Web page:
Before the powers that be at Salon shut down the online magazine’s travel section, travel editor Don George published some of the best stories to be written in recent years. This book captures the spirit of that section and features many of the highlights. Rolf Potts’ “Storming The Beach,” a piece of travel stunt journalism, is one of my favorites. Pico Iyer’s classic essay “Why We Travel” is reason enough to pick up the book. That essay, more than any other I’ve read, begins to articulate the seductive hold travel has on me and so many others I know.

The Dharma Bums by Jack Kerouac

Like so many people, I fell in love with Kerouac’s novels in my late teens and early 20s. On the Road gets all the press, but I always loved The Dharma Bums. Why include it on a list of travel books? Kerouac beautifully captures the romance of California trains, Berkeley, and backpacking in the Sierras. It’s hard to read this book without wanting to light out for the mountains to brainstorm bad haikus on the trail and cook canned macaroni and cheese over a crackling campfire.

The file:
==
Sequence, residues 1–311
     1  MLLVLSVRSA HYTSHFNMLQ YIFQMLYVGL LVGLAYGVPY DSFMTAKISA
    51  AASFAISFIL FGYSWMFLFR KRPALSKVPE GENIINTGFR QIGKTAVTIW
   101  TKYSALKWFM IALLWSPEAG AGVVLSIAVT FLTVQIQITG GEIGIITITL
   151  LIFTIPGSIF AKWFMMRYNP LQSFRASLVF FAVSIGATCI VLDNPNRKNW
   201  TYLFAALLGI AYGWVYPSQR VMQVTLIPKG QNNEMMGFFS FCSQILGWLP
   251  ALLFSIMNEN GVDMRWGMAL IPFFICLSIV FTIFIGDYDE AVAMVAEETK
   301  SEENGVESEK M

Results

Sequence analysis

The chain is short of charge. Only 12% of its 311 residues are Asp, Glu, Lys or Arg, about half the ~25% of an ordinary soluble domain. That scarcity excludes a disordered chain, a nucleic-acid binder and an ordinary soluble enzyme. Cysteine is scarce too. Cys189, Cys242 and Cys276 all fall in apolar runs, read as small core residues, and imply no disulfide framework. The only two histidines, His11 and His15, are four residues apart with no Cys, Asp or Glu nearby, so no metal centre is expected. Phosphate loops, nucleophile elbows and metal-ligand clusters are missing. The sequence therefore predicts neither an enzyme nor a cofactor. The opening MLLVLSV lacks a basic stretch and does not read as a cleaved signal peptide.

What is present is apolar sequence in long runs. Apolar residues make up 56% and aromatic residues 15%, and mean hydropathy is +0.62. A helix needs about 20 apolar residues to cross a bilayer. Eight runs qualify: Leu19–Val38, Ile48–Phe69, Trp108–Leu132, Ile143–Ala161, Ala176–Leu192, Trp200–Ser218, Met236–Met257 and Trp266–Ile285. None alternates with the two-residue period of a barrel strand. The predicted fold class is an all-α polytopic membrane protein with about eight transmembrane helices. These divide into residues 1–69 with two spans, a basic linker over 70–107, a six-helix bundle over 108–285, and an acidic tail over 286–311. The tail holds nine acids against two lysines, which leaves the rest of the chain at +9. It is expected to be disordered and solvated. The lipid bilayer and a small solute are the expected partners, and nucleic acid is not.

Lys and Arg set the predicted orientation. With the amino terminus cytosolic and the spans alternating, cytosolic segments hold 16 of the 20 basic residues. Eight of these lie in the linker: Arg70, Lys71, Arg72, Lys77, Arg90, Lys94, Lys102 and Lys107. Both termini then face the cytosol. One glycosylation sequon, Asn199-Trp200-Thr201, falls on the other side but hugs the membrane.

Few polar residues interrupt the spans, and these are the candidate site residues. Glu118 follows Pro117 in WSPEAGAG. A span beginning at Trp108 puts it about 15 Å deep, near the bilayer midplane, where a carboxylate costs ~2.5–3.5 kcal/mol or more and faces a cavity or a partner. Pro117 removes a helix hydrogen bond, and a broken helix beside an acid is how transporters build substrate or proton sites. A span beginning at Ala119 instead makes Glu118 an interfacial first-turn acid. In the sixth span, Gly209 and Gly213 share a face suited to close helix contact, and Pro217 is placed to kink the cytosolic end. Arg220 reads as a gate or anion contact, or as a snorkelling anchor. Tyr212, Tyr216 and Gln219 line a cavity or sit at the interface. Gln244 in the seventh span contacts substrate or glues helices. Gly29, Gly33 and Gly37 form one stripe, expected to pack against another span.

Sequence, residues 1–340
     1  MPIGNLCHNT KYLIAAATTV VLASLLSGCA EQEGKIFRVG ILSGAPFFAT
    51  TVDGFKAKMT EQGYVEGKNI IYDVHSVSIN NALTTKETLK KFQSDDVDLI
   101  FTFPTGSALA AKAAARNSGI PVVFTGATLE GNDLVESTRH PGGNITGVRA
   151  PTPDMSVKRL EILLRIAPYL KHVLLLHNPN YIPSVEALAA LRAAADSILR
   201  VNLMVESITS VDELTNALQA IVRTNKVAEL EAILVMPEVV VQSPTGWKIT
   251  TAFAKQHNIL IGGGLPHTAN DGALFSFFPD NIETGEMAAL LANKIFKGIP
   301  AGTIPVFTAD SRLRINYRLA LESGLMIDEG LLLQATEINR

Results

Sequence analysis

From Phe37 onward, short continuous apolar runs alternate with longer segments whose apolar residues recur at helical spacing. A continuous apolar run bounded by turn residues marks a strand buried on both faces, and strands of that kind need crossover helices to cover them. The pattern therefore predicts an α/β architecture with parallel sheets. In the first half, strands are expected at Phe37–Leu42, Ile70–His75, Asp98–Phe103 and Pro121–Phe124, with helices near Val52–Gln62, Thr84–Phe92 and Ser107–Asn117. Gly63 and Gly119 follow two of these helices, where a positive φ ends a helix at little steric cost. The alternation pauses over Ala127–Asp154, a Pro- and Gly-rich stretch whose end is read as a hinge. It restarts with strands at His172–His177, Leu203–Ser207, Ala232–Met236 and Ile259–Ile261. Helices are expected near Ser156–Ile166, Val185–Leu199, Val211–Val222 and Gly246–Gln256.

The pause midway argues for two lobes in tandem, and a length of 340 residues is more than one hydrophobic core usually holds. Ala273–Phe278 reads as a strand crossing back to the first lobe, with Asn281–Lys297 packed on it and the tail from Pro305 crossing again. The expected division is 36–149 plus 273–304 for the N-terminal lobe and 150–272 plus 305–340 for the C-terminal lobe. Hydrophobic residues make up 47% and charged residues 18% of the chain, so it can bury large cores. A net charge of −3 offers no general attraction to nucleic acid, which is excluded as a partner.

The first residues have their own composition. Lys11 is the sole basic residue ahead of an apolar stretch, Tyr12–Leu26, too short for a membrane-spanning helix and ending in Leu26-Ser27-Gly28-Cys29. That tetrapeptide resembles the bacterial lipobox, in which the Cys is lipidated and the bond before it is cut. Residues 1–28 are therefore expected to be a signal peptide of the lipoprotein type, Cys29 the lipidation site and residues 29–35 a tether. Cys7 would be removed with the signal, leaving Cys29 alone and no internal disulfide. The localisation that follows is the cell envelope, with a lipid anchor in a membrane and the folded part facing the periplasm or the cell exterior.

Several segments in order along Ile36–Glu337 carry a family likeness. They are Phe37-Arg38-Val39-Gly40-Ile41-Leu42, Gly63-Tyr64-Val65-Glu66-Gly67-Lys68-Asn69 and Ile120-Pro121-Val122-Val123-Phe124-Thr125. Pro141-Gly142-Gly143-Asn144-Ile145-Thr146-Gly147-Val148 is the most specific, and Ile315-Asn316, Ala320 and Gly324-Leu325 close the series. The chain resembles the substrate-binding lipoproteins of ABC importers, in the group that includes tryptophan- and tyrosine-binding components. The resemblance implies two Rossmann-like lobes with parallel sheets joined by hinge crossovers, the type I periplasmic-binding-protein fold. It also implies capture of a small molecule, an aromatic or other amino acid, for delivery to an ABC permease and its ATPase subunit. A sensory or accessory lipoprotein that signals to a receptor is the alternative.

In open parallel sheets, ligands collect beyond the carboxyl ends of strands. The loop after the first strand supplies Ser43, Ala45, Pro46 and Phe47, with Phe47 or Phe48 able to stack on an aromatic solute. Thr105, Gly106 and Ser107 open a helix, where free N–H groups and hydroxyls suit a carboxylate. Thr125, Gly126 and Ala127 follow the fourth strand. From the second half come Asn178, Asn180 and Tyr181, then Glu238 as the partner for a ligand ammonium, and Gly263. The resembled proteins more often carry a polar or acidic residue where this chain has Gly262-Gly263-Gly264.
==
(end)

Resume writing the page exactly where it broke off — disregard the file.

A Way to See the World by Thomas Swick

I love Swick’s definition of travel as “anything that extends one’s realm of experience or expands one’s lexicon of acquired convictions and occurs beyond the backyard.” That’s about as broad a definition of travel as you can get. Swick is the travel editor of the South Florida Sun-Sentinel, and this book is a collection of Swick’s own travel stories – ranging from a piece about Cuba to a story about Archer, Texas, where the writer Larry McMurtry resides and sells antiquarian books. Each story is delightful.

Walden by Henry David Thoreau

If he were alive today, Thoreau would probably wince if he heard someone refer to Walden as a travel book. But I think of it as a travel-writing masterpiece. “I went into the woods,” he famously writes, “because I wished to live deliberately, to front only the essential facts of life, and see if I could not learn what it had to teach, and not, when I came to die, discover that I had not lived.” That’s the same spirit of discovery (including self-discovery) that defines so many great contemporary travel memoirs. The book is as relevant today as ever.